An aerospace engineering professor at the University of Cincinnati has come up with a cool new approach for inspecting metal 3D printed parts and identifying defects in their structure. The technique involves a few key ingredients, including one part 3D printing, a dash of ultrasonic waves and ice.
Francesco Simonetti, the aerospace engineer behind the novel approach, is an expert in sound waves and recently turned his research focus to ice. As part of this research, the engineering professor realized the way that sound waves interact with ice could offer a new way to inspect metal 3D printed components.
In short, the approach consists of dipping a 3D printed part in water and freezing it inside a cylinder of ice. The iced part is then exposed to ultrasonic waves. The ice acts as a coupling medium while the ultrasound waves enter and reflect against the part’s defects if there are any.
A song of ice and sound waves
The innovative field of research, pioneered by Simonetti, has been dubbed cryoutrasonics by the professor, who believes the grouping of ultrasound and ice will have an impact on the additive manufacturing industry because of its ability to inspect safety-critical parts, such as jet engines or power plant components.
As the researcher explains, with subtractive manufacturing processes, ultrasound testing is effective for identifying defects. Because additive manufacturing relies on the layer-by-layer construction of parts, however, ultrasonic waves tend to bounce off the angles and curves of the parts instead of the cracks or defects, making it more challenging to use.
“Sound needs a coupling medium to propagate from a source transducer into the volume of a part,” said Simonetti. “When the contrast in mechanical properties between the coupling medium and the part is large, very little energy enters, and it doesn’t work.”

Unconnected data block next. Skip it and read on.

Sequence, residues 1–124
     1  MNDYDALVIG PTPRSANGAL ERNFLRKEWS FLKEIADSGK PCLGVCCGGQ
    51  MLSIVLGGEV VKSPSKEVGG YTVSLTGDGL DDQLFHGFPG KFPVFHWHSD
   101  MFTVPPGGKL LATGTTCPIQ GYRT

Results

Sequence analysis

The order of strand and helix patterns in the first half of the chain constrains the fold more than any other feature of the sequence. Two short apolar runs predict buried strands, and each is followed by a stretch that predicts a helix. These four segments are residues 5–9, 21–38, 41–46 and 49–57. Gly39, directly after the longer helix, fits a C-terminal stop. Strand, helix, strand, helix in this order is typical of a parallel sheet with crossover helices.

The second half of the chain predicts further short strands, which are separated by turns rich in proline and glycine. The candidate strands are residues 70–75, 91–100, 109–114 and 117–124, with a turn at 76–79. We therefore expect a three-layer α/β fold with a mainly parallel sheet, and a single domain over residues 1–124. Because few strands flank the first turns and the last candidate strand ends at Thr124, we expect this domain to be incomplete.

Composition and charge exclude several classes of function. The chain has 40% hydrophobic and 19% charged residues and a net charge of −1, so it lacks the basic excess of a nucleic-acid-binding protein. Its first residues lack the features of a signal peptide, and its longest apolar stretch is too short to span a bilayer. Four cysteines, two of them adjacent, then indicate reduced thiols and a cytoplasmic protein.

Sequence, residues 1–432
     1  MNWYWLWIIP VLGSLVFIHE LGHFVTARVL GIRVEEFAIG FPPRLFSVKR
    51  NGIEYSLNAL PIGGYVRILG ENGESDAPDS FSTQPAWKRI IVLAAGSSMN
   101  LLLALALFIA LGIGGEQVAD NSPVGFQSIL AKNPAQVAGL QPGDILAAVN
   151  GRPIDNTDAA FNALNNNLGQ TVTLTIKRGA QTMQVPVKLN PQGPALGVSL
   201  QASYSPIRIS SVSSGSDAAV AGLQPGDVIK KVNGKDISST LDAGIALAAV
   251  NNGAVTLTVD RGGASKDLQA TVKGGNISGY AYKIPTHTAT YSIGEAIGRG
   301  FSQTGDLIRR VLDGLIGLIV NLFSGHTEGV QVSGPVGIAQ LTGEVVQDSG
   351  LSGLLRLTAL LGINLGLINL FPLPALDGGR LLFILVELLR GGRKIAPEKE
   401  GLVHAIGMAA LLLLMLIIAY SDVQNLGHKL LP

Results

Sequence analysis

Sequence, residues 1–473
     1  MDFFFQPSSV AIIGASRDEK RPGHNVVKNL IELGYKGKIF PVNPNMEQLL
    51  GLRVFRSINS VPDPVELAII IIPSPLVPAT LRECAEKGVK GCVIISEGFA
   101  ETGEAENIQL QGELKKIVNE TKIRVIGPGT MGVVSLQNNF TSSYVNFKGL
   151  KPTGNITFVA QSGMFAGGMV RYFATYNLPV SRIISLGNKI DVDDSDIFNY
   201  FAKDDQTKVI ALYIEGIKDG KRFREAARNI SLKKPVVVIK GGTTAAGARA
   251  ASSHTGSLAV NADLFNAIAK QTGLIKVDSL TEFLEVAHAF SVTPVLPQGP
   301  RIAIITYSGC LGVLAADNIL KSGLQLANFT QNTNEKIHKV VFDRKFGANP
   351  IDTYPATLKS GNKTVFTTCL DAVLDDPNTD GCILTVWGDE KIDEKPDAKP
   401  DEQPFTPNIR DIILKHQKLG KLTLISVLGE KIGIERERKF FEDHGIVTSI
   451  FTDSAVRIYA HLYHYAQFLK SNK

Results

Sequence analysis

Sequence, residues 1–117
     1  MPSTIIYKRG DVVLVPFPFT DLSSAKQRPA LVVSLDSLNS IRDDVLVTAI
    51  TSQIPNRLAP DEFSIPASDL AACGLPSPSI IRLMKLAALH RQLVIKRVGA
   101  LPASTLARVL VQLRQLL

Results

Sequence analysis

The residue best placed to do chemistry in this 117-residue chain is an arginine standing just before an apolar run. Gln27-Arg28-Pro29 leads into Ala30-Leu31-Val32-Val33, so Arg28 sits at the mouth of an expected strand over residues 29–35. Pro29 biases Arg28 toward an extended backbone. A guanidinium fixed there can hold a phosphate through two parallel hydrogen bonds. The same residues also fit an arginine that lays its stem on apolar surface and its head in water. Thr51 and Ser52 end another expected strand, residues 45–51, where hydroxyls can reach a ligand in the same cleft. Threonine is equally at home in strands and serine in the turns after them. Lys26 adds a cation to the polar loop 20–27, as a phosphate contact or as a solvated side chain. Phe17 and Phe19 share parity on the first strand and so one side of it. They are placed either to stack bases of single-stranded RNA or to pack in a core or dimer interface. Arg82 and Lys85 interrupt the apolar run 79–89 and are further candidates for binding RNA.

Water was initially explored as a coupling medium, but because of the difference between water’s mechanical properties and those of metals, it did not prove to be very effective. With water as a coupling medium, very little ultrasonic energy makes it to the part. Frozen water, however, turned out to be a more interesting option.
“Living in Cincinnati, you’re always removing ice from the drive way. I got curious to see what the ice properties were,” commented Simonetti. “We tried all the conventional techniques and nothing would work. At that point, we looked for desperate measures, and I just thought, ‘Why don’t we try?’”
Despite some initial challenges (Simonetti says the first attempts were “disastrous”), ice eventually proved to be an effective coupling medium for inspecting parts with ultrasonic waves. This is because ice’s physical properties are similar to those of metals, enabling the ultrasound waves to pass through the ice and metal part to pick up any defects.
As one might expect, the process isn’t quite as simple as filling up an ice cube tray. To get the best results, the ice has to be crystal clear—without any cracks or bubbles—so that the ultrasound waves don’t bounce around. The solution? A custom-built machine capable of freezing water without causing bubbles, cracks or cloudiness.
The custom machine was built by Simonetti and consists of a cylinder with a metal base and plastic sides. When making the ice, the researcher places the 3D printed part inside the cylinder and then fills it with water. Then, the metal base of the ice maker is chilled which causes the water to freeze from bottom to top (rather than from the outside in). As the water freezes around the part, it expands to the open top of the cylinder instead of outwards, reducing the risk of cracks.
To prevent bubbles from occurring, Simonetti needed to minimize the amount of excess air in the water as it froze. “In order to prevent this phenomenon, you need to simply reduce the concentration of air on top of the freeze front. To do that, we stir the water to have constant flow,” he said. This constant flow is achieved with the use of a spindle, which keeps the water it motion as it freezes.
A brand new approach
Currently, Simonetti is working on integrating nanoparticles into the ice to make it resemble the physical properties of a given metal part even more. This continuation of the research involves freezing suspensions of nanoparticles in water to make the ice denser, heavier and mechanically stronger.
“It’s entirely new,” he said. “Whenever you have something that is so novel, there are a lot of skeptics from the academic community. When you freeze water, it looks terrible. You think, ‘This is not going to work.’”
Though the approach is brand new, it shows real promise and has grabbed the attention of many, including engineering firms, car manufacturers and the military. Simonetti’s research was recently published in NDT&E International, a journal focused on research in nondestructive testing and evaluation methods.